Thursday

22nd Feb 2018

Why are European farmers unhappy?

  • How much are you willing to pay? It influences how much farmers receive for their products (Photo: EUobserver)

What do Vladimir Putin, drought, a viral disease and supermarkets have in common?

They are all factors that have to some degree contributed to the current state of agriculture in Europe - the topic of a special meeting of EU farm ministers on Monday (7 September) in Brussels.

Thank you for reading EUobserver!

Subscribe now for a 30 day free trial.

  1. €150 per year
  2. or €15 per month
  3. Cancel anytime

EUobserver is an independent, not-for-profit news organization that publishes daily news reports, analysis, and investigations from Brussels and the EU member states. We are an indispensable news source for anyone who wants to know what is going on in the EU.

We are mainly funded by advertising and subscription revenues. As advertising revenues are falling fast, we depend on subscription revenues to support our journalism.

For group, corporate or student subscriptions, please contact us. See also our full Terms of Use.

If you already have an account click here to login.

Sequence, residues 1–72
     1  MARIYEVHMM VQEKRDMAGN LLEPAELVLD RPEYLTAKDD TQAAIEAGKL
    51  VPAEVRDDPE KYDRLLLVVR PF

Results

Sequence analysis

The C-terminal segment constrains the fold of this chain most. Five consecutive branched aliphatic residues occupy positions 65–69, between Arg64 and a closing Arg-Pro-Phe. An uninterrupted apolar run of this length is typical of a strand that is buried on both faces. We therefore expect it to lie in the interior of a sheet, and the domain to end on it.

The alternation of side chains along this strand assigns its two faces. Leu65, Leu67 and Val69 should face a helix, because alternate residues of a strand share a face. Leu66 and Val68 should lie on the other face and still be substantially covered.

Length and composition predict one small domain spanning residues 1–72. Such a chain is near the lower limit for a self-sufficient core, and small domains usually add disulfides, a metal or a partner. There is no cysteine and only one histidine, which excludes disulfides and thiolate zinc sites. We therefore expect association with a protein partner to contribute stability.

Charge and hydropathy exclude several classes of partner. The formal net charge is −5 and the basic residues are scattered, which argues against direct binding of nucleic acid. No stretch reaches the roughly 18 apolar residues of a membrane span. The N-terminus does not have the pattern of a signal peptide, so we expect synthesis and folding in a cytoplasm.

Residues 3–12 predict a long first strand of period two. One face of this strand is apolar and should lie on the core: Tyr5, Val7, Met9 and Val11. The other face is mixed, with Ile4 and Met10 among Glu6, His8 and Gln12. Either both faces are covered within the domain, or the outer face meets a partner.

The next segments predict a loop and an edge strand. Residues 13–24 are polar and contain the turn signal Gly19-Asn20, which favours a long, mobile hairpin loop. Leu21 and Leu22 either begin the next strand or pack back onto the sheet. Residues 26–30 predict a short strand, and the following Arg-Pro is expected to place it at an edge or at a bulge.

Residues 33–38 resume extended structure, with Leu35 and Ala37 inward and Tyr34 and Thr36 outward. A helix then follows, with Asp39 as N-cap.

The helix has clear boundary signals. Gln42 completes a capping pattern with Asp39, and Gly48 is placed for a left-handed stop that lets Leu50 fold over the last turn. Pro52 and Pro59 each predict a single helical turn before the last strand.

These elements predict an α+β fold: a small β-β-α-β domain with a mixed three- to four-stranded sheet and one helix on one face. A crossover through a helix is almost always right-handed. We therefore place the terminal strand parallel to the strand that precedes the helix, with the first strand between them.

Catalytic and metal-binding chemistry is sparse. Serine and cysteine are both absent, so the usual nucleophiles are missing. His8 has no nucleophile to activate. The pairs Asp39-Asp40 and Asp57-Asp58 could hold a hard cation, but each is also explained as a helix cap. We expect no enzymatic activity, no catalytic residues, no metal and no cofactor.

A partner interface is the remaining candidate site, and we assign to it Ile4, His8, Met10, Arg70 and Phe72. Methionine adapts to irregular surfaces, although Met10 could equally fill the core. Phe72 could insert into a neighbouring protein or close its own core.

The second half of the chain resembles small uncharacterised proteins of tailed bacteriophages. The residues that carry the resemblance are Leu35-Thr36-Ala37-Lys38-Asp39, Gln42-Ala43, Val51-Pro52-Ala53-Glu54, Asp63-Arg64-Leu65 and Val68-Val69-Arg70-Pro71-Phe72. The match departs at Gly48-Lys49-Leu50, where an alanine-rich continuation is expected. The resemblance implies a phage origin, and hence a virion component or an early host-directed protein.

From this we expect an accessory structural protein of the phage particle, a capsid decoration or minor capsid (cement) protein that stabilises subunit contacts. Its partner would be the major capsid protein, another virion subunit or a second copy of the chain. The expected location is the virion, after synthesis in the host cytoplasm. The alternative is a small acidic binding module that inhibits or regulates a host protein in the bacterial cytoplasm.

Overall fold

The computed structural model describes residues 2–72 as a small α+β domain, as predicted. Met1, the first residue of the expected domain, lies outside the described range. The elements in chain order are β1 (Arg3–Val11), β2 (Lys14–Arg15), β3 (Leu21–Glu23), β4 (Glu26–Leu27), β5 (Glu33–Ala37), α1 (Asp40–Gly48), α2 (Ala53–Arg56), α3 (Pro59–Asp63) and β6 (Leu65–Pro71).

• Russia's food ban is affecting prices (Photo: kremlin.ru)

Several thousand farmers are expected to protest in the EU capital while ministers discuss possible aid measures with EU commissioner Jyrki Katainen, who is filling in for hospitalised farm commissioner Phil Hogan.

The demonstration follows a summer of protests in several European countries, notably French farmers who disrupted traffic at the height of the tourist season.

But the causes of the current situation, which some call a crisis, are myriad – and it is not only the French farmers who have it bad.

Russia

One of the reasons for the farmers' malaise is geopolitics.

Following Russia's annexation of Crimea and support of separatists in eastern Ukraine, the EU imposed sanctions on several top officials. Russian President Vladimir Putin responded with an embargo on European dairy products, fruit, vegetables, pig meat, bovine meat, and poultry meat.

Initially, the damage was limited. Since the Russian ban was put in place in August 2014 the European “agri-food” sector has managed to compensate the losses to the Russian market by exporting elsewhere. In June, food exports were 11 percent higher than a year earlier.

However, such aggregate figures mask local and individual worries.

“We’re fighting for survival”, a Latvian farmer told news website Marketplace recently.